Frogs are getting more independent and confident as swimmers. They’re like “I got this! I’m ready to learn basic stroke mechanics!” (or the toddler equivalent). If your child can float, swim on his own without floaties, and is ready to learn the basics of moving his arms and legs at the same time, he’s a Frog.
Frogs will learn the following:
- Social Skills
Child is learning by watching peers attempt skills and by politely sharing class time and space with them.
- Roll Overs with Alligator Kicks on the Back
Child is learning to independently roll from front to back when they are cued to breath. They then continue to kick on their back with alligator arms up.
- Backward Movement with Arms and Kicks
Child can propel themselves by flutter kicking legs and winding arms at the same time while on the back.
- Forward Movement with Arms and Kicks
Child can propel themselves by flutter kicking legs and winding arms at the same time on the front.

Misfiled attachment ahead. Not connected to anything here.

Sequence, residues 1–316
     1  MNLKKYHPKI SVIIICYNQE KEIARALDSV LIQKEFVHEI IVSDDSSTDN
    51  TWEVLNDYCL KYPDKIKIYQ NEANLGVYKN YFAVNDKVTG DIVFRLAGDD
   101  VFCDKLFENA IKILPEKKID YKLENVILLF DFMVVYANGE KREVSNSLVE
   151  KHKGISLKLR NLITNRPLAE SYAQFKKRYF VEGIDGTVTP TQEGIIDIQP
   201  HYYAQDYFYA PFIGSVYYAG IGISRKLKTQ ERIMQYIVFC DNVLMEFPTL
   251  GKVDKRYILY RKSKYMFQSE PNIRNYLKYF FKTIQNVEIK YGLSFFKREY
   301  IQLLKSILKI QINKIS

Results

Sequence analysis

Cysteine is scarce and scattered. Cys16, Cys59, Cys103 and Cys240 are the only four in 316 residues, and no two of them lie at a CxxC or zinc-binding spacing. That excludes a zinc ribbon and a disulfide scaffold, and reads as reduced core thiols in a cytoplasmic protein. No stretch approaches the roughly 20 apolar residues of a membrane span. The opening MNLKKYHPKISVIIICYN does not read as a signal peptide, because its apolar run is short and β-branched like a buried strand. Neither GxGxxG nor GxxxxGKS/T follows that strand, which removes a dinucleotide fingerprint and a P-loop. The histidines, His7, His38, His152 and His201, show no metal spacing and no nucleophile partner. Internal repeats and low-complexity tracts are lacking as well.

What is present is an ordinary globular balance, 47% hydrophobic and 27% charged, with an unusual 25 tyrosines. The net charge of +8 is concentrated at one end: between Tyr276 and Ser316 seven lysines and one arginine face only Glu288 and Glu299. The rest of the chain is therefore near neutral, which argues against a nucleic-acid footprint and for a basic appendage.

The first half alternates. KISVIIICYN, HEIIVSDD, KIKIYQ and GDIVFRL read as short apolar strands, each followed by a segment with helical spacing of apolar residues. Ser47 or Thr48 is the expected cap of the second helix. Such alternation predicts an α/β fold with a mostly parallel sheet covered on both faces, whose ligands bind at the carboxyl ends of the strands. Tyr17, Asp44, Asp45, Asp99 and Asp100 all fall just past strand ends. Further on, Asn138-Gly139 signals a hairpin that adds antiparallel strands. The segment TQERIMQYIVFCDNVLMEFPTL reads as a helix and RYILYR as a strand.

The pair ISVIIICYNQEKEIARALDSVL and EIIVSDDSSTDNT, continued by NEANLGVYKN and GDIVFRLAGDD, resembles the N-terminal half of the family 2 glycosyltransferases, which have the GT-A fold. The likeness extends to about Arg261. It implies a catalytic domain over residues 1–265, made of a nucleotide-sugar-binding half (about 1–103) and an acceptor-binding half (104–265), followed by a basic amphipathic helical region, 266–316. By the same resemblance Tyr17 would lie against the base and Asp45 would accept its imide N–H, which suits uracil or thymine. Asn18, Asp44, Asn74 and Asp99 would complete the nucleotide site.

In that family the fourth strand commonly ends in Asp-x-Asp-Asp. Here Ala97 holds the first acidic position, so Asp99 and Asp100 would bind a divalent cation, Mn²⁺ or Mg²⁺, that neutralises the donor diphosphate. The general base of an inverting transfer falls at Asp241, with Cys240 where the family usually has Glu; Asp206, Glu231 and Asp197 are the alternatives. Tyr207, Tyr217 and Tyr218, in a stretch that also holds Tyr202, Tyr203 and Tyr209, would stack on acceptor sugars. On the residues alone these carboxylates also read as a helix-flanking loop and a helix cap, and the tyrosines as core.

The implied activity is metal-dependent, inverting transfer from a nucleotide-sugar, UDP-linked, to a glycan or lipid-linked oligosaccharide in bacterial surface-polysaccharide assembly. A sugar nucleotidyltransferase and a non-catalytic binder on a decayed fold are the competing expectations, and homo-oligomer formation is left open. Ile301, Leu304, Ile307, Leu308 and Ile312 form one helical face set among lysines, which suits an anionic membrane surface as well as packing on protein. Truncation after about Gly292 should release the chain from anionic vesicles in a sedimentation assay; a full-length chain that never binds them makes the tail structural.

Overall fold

- Freestyle with Roll Over Breath
Child is learning to incorporate a rollover breath with their forward moving paddle arms. Child achieves forward motion, and then rolls over to breath.
- Learning Frog Kicks
Child is learning how to move legs in a three step motion to begin learning how to kick for breaststroke.
- Introducing Pop Up Breathing to Frog Kicks
Child is learning how to pop up face first using a kick board for support while doing frog kicks.
- Increased Breath Control
Child understands how to exhale with face in the water and to roll over or pop up to take a breath while swimming.
- Safety Jump
Child jumps into the water independently and experiences a full submersion in Professor’s arms or not. Professor helps child swim safely back to the wall.
- Independence, Confidence, and Safety
Child’s understanding of boundaries and safety rules is growing. Child’s comfort level is established enough to grow independence and want to try new things.